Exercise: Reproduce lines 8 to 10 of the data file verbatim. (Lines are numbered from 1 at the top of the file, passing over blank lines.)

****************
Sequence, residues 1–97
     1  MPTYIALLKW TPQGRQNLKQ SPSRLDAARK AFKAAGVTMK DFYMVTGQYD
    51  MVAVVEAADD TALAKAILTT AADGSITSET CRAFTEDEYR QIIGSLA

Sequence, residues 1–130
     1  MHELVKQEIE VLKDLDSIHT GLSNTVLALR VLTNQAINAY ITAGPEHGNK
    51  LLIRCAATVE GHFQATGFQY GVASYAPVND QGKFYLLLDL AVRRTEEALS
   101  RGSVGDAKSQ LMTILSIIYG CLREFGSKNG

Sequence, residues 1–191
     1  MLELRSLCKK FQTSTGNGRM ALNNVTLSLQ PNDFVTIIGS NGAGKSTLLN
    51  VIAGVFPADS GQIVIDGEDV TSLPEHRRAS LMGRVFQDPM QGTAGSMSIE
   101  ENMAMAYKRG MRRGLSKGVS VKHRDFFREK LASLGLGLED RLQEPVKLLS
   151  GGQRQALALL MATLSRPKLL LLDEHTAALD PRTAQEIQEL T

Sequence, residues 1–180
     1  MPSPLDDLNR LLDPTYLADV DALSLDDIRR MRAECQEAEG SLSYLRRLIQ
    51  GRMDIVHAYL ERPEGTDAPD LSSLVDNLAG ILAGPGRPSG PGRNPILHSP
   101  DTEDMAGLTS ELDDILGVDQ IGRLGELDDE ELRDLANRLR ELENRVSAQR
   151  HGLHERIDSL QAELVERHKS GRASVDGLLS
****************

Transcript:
Sequence, residues 1–191
     1  MLELRSLCKK FQTSTGNGRM ALNNVTLSLQ PNDFVTIIGS NGAGKSTLLN
    51  VIAGVFPADS GQIVIDGEDV TSLPEHRRAS LMGRVFQDPM QGTAGSMSIE